Introduction – My Opinion
Some consider me to be a philosophical sort of person, and in truth, I am. Hence, my attitude towards computing reflects this. In all honesty, when it comes to the *nix vs Linux vs Windows vs whatever arguments, I am usually among the first to point out the simple truth – that each computing environment is useful for different things, and this will always be the case. The simple fact that computing covers such an enormous range of tasks world worldwide, is testament to my argument. No single system can ever, nor will ever, achieve across-the-board functionality. It’s virtually impossible, and quite frankly unnecessary. So the questions remain – who is the user that a desktop ready, Open Source, Operating System is aimed at, and what are the basic essentials that are needed to achieve such a feat?
1. The User
As with the majority computer users of today, I was brought up mostly within the Windows empire. From DOS, to Windows 3.11, Windows 98 and then to Windows XP, mind you, there was the occasional exposure to other systems such as the Commodore 64, early Mac systems, Windows 95 and Windows 2000, but not enough to claim having actually used them. Such a technological upbringing is so common it isn’t funny, but the reasons for this are well known and not in the scope of this essay, so I will try my best to avoid the topic.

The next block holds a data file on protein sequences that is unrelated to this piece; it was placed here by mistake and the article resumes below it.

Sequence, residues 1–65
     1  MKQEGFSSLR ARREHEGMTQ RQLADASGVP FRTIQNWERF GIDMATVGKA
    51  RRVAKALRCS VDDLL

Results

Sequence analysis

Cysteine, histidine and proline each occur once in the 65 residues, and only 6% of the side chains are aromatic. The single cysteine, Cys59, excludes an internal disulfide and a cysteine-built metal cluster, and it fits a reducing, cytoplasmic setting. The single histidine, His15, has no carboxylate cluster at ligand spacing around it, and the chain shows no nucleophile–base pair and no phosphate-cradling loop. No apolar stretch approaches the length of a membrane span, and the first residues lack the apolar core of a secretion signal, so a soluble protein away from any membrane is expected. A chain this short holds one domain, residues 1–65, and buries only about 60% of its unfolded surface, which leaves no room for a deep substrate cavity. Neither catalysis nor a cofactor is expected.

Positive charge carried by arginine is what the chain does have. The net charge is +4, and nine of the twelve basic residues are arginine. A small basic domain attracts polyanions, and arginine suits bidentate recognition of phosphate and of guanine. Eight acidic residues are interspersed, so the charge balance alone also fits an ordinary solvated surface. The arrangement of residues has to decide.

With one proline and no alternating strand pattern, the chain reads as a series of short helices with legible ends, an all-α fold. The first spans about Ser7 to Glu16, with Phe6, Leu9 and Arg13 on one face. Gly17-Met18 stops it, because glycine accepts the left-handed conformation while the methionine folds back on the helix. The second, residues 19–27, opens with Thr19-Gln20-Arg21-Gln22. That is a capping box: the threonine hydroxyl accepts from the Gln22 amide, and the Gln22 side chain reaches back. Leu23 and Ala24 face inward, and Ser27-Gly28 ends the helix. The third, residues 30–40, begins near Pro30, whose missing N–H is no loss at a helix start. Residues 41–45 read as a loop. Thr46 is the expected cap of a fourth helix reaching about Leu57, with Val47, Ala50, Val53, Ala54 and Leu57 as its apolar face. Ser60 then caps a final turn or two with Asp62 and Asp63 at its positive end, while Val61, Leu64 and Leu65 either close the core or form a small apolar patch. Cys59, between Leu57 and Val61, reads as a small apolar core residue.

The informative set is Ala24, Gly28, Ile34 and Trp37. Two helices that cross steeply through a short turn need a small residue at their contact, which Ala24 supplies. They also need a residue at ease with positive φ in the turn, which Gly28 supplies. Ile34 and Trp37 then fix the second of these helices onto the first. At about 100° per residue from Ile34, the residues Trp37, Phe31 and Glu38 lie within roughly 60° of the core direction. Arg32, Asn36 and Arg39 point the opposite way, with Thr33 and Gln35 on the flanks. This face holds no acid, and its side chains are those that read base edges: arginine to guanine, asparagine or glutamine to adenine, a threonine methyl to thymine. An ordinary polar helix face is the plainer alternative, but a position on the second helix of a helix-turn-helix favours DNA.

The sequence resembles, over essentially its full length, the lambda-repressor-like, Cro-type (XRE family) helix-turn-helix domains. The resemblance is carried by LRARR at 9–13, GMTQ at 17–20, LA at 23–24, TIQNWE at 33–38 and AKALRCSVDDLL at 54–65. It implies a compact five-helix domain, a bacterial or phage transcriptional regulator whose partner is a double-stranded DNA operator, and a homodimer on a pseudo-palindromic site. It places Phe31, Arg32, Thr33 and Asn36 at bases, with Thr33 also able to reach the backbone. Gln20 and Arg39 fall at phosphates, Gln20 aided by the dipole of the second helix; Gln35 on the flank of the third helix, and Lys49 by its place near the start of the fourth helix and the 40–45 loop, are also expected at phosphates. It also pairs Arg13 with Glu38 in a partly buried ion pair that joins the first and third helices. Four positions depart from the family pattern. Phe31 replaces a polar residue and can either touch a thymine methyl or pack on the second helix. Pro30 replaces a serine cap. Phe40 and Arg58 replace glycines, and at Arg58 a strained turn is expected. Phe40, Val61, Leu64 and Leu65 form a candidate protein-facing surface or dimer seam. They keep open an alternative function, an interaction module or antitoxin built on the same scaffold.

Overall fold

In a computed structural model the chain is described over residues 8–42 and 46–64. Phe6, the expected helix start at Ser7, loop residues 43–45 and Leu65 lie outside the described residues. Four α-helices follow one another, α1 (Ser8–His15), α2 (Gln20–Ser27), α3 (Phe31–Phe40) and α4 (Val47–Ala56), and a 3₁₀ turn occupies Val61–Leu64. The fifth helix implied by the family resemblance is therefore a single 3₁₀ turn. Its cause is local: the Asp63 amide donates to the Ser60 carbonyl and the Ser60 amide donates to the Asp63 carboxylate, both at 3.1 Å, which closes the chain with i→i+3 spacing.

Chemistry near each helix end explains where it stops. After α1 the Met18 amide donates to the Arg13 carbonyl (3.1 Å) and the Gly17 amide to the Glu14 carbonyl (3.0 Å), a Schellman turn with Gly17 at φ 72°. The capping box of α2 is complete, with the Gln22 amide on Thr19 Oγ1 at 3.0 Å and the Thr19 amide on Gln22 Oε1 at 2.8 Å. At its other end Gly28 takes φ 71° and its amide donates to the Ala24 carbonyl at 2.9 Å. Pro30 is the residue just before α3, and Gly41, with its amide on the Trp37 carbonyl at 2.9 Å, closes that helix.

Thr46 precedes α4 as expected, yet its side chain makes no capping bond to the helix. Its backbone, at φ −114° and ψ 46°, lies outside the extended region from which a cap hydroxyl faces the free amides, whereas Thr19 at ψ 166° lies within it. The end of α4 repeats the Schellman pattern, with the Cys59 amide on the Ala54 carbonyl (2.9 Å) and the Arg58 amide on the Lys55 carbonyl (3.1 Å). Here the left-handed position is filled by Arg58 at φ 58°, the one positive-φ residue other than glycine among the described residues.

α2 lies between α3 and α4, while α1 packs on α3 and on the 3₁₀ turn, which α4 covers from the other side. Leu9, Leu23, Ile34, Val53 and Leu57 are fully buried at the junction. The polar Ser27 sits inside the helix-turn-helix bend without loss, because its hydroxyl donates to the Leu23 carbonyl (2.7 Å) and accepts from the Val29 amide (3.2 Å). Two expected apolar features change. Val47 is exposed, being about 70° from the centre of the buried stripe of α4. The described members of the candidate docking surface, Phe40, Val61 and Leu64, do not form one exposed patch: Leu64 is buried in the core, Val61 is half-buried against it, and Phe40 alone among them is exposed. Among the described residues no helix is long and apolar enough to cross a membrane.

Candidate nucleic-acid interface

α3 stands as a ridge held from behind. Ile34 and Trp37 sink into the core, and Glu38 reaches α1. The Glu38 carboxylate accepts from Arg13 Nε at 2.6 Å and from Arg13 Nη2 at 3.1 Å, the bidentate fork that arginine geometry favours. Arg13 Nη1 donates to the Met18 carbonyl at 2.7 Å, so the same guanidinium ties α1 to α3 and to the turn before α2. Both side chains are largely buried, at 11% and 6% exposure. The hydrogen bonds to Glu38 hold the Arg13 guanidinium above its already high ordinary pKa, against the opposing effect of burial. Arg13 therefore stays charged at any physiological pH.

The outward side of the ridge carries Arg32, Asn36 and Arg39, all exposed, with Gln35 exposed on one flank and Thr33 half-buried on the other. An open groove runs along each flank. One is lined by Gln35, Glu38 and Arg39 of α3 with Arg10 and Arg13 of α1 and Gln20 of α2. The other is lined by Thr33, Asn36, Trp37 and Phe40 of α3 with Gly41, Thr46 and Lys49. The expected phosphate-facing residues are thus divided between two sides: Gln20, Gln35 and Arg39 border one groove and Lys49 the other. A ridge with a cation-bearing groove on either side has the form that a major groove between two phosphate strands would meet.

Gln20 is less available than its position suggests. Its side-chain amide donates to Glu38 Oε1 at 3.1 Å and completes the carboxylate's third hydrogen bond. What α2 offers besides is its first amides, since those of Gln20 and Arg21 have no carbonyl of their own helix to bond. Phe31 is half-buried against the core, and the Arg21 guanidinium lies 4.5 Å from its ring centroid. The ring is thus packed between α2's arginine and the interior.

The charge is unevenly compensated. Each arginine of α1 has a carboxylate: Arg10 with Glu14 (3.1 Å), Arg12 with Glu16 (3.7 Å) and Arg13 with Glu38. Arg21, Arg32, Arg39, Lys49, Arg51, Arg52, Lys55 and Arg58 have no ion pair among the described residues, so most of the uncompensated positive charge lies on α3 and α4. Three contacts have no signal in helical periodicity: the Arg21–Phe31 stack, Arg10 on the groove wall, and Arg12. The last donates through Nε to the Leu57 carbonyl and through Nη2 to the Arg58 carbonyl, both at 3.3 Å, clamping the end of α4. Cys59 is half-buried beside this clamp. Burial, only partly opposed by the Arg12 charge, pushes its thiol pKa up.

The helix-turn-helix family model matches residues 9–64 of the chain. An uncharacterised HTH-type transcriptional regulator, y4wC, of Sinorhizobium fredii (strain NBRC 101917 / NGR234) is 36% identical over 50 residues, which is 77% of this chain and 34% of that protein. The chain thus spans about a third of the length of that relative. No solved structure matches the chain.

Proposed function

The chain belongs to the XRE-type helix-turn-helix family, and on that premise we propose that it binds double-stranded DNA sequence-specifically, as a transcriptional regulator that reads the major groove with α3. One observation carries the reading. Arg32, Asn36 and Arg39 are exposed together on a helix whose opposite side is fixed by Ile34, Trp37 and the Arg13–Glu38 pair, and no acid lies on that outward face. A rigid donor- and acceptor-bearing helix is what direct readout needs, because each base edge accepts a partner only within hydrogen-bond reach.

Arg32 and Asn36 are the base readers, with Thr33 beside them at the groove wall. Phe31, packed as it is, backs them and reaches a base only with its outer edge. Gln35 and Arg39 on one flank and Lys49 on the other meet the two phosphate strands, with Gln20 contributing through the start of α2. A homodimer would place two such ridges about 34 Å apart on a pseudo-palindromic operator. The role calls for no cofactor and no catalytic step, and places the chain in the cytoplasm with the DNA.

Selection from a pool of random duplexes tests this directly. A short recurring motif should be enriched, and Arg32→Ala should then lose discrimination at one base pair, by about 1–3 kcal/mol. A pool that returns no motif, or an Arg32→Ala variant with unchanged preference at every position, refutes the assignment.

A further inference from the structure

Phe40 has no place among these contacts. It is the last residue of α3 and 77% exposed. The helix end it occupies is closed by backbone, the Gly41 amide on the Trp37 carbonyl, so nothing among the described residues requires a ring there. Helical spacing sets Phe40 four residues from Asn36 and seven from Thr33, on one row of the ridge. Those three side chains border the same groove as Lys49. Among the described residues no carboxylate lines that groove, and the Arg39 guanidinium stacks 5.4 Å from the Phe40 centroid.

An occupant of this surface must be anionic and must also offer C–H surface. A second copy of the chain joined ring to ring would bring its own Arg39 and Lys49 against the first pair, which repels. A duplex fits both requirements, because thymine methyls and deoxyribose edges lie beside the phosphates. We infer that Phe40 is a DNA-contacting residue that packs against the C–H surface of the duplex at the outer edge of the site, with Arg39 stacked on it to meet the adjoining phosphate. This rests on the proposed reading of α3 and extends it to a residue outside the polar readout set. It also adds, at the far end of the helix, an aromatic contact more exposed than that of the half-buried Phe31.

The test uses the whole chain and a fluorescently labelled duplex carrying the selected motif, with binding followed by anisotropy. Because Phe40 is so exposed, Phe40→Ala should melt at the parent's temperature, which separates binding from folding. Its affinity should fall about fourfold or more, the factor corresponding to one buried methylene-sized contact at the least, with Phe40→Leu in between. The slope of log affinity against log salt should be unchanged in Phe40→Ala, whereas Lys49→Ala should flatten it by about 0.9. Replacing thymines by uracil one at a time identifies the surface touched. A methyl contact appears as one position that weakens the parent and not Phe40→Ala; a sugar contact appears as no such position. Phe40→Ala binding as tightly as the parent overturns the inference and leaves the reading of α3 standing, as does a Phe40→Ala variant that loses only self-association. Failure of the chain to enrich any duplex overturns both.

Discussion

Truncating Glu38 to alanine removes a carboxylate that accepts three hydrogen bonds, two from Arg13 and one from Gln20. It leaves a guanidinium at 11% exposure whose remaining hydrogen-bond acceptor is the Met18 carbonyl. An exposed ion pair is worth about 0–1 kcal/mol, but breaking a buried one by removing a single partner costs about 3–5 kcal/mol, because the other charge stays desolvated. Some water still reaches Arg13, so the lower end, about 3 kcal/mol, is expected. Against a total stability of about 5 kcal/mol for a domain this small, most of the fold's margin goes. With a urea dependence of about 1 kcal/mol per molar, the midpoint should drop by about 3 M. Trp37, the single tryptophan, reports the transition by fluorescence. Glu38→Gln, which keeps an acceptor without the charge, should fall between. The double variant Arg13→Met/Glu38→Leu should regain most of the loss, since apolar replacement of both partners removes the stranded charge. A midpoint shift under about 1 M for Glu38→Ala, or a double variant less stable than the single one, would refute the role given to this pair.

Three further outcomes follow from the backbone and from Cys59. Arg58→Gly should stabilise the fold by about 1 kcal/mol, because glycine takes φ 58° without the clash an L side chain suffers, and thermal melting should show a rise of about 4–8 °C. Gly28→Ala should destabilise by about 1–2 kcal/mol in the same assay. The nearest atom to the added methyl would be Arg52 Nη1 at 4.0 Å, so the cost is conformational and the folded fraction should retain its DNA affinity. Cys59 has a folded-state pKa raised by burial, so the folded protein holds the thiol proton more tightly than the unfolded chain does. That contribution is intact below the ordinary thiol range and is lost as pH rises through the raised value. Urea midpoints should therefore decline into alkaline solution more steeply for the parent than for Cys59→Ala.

Given the above scenario, of an individual who by no fault of their own has had a fairly biased computer education, if you will, a spoiled one. Microsoft deserves a lot of respect (and even loathing) for the way it has shaped the computing world. Version compatibility aside, a Windows user can purchase virtually any software useful to the common ‘Joe’, and be confidant that they will be able to use it. Take note of this point here, folks, because it is an integral part of the coming discussion.
2. Their Situation
For ‘Joe’, the most defining arguments to even consider a non-Windows system should be the threats that were hardly considered before widespread Internet availability. Viruses have become more virulent, Trojans sneakier and Worms slimier. Call it tall-poppy syndrome, but lo and behold, who should wear the brunt of such nasties, but Microsoft. Nobody in the world can deny the fact that Microsoft is the company that bears the big red target symbol, square (or is that round?) across their proverbial chest. Nor can any true *nix user, with valid argument, claim that Microsoft is any more technically vulnerable than the average *nix flavour.